This is The Color of Climate, a weekly column from OneZero exploring how climate change and other environmental issues uniquely impact the future of communities of color.
Nearly 15 years ago, Hurricane Katrina descended on the Gulf Coast and wreaked havoc on millions of people in Louisiana, Alabama, and Mississippi. Seven years later, Hurricane Sandy tore up the East Coast and flooded New York City. And less than three years ago, Hurricane Harvey displaced 30,000 people in Texas.
These hurricanes became flashpoints for the growing impact of climate change in the United States. Each caused millions of dollars in damage and hundreds of deaths. And crucially, all three had a more severe impact on Latino, Hispanic, and Black communities than on any other racial group.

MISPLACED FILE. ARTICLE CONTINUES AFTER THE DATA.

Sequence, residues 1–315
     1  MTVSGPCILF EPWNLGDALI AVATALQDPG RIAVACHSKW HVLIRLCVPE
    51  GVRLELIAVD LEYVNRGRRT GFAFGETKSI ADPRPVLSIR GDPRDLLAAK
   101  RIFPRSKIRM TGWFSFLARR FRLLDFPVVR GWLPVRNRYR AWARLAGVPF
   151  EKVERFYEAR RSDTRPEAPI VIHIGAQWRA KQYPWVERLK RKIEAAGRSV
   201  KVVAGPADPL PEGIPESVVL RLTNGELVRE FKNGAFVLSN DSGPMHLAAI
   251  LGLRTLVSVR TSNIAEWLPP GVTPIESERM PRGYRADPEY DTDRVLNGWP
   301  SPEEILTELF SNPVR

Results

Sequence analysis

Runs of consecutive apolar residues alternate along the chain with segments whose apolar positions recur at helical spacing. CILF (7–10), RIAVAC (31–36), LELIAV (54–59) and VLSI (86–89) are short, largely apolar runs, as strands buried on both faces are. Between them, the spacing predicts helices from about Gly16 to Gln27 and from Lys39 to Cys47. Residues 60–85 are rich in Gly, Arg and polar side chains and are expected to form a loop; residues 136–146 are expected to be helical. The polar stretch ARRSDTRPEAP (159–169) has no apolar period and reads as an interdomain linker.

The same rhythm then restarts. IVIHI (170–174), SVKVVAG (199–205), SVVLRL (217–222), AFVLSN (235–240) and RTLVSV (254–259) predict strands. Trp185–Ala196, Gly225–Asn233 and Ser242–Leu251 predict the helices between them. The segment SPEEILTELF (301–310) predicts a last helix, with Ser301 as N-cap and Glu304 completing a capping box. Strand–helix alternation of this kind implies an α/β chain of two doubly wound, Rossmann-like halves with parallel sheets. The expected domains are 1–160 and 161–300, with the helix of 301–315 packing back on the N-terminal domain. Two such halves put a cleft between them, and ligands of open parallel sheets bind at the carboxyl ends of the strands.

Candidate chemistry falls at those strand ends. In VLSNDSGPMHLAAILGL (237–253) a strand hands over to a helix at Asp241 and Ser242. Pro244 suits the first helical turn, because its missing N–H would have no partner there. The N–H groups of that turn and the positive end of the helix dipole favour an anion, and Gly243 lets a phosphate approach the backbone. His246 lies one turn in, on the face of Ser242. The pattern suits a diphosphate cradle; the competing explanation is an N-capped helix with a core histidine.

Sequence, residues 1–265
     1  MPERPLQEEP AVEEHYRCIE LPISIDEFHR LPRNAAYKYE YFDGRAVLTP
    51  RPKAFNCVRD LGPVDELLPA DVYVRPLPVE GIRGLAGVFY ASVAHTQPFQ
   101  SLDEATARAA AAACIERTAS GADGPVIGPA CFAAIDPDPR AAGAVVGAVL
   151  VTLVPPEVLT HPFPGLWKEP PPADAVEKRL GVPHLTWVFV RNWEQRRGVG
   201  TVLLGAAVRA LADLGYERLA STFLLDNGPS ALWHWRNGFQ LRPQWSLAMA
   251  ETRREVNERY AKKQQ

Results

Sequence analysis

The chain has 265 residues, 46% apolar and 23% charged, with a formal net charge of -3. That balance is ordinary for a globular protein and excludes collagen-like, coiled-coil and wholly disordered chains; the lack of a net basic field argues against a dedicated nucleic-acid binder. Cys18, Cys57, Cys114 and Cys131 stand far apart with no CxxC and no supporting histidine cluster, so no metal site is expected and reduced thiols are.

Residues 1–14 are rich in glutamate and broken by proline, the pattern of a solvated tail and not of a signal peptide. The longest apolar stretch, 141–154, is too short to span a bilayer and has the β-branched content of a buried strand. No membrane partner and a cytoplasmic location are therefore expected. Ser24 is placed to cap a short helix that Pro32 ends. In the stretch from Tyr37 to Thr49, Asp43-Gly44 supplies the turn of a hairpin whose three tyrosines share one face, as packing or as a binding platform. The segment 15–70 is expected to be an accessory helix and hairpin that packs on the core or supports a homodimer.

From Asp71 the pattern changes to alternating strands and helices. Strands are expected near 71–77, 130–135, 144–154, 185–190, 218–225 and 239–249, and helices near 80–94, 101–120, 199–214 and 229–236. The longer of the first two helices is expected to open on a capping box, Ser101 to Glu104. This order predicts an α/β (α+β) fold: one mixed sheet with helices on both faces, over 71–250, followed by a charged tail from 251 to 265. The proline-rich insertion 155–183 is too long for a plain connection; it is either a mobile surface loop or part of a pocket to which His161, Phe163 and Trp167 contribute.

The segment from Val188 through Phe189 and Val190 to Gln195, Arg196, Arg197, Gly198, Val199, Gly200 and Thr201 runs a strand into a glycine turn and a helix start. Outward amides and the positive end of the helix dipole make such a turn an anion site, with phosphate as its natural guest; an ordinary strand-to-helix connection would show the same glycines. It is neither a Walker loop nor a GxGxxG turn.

Climate change has made catastrophic hurricanes more intense, according to research published in Proceedings of the National Academy of Sciences in 2019, and scientists say they’re only likely to get worse as temperatures and sea levels continue to rise. Meanwhile, Latino, Hispanic, and Black communities have experienced the worst of these impacts firsthand, largely because they are situated in low-lying, coastal areas of the United States. Black people along the Gulf Coast lost their homes, communities, and lives during Hurricane Katrina. The Brooklyn neighborhood Red Hook, which is 85% Black and Hispanic or Latino, was one of the hardest hit by Hurricane Sandy. And data shows that Black and Hispanic people in Houston were disproportionately affected by Hurricane Harvey.
Communities of color are also more vulnerable than White ones to sea-level rise, heat waves, and wildfires linked to climate change, according to research published in Geoforum, Climate, and Plos One.
Recently, researchers from the George Mason University Center for Climate Change Communications investigated how communities of color feel about climate change. Their analysis, which the university released in April…